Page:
This study evaluated the relationship between cancer risk and residential proximity to cranberry cultivation.
A population-based case-control study was conducted.
Cases, diagnosed during 1983 through 1986 among residents of the Upper Cape Cod area of Massachussets, involved incident cancers of the lung (n=252), breast (n=265), colon-rectum (n=326), bladder (n=63), kidney (n=35).
Control subjects were randomly selected from among telephone subscribers (n=184), Medicare beneficiaries (n=464), and deceased individuals (n=723).
No meaningful increases in risk were seen for any of the cancer sites except for the brain.
When latency was considered, subjects who had ever lived within 2600 ft (780 m) of a cranberry bog had a twofold increased risk of brain cancer overall (95% confidence interval [CI =0.8,4.9) and a 6.7-fold increased risk of astrocytoma (95% CI=1.6,27.8).
Residential proximity to cranberry bog cultivation was not associated with seven of the eight cancers investigated ; however, an association was observed with brain cancer, particularly astrocytoma.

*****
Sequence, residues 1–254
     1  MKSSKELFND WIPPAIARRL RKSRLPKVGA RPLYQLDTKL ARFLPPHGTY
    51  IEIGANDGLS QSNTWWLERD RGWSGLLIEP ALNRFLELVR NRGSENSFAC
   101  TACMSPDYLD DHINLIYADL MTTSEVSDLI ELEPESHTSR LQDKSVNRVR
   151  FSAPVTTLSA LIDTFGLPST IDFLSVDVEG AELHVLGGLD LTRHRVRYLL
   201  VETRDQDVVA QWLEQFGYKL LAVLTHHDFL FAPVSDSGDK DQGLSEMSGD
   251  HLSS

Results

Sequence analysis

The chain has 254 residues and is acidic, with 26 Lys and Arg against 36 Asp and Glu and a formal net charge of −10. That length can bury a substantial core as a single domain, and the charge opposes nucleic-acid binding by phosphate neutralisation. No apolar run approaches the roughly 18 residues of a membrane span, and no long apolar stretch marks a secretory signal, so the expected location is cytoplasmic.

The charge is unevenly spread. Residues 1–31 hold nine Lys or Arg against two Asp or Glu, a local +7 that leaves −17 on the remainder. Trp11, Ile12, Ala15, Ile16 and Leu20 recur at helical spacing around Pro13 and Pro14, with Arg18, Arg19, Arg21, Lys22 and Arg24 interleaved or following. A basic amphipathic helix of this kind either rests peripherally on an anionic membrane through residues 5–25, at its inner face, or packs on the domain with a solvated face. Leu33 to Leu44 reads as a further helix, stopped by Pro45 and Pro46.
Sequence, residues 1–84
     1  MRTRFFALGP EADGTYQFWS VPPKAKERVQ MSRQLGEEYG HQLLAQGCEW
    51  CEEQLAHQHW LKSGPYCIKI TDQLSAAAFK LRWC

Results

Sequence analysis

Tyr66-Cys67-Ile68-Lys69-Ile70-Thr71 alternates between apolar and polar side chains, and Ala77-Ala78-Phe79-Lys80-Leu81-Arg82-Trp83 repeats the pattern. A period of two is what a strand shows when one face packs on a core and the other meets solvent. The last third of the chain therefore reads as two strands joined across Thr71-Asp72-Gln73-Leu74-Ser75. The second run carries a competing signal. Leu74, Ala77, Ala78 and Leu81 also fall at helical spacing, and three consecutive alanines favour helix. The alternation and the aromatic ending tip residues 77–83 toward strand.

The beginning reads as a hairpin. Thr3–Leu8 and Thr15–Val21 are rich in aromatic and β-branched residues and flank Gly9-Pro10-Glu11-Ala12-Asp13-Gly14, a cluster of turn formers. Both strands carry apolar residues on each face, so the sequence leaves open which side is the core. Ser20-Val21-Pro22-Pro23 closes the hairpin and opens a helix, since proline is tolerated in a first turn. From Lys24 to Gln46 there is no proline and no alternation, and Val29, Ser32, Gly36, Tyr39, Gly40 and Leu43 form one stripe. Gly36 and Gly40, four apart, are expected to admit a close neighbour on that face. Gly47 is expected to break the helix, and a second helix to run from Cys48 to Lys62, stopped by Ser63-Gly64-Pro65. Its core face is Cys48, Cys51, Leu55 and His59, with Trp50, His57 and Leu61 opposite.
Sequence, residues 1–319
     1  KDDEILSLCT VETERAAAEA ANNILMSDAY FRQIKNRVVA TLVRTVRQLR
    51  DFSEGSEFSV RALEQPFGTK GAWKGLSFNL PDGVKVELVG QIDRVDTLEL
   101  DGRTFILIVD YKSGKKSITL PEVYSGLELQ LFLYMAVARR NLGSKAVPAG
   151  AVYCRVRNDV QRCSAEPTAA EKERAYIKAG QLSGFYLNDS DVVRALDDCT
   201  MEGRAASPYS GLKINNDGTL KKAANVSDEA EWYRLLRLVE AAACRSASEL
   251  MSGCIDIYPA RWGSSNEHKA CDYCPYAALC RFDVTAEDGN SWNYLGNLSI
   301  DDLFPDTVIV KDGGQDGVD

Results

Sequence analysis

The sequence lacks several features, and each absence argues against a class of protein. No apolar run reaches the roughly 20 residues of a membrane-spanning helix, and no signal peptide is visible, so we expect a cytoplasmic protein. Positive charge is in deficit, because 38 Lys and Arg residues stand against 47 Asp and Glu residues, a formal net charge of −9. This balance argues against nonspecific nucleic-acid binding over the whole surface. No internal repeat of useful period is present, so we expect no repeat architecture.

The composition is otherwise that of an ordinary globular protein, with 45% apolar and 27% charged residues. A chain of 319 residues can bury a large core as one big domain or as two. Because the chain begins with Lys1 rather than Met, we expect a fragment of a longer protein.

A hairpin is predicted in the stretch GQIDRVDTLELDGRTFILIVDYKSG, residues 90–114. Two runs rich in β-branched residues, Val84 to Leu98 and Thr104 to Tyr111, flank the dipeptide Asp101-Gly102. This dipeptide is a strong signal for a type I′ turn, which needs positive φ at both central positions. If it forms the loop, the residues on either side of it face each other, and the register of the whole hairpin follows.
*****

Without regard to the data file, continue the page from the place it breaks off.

Larger, more detailed studies are necessary to elucidate this relationship.
Mots-clés Pascal : Tumeur maligne, Logement habitation, Proximité, Exploitation agricole, Canneberge, Pollution, Environnement, Pesticide, Risque, Epidémiologie, Toxicité, Homme, Santé et environnement, Massachusetts, Etats Unis, Amérique du Nord, Amérique
Mots-clés Pascal anglais : Malignant tumor, Housing, Proximity, Farming, Cranberries, Pollution, Environment, Pesticides, Risk, Epidemiology, Toxicity, Human, Health and environment, Massachusetts, United States, North America, America
Notice produite par :
Inist-CNRS - Institut de l'Information Scientifique et Technique
Cote : 96-0453113
Code Inist : 002B03M01. Création : 10/04/1997.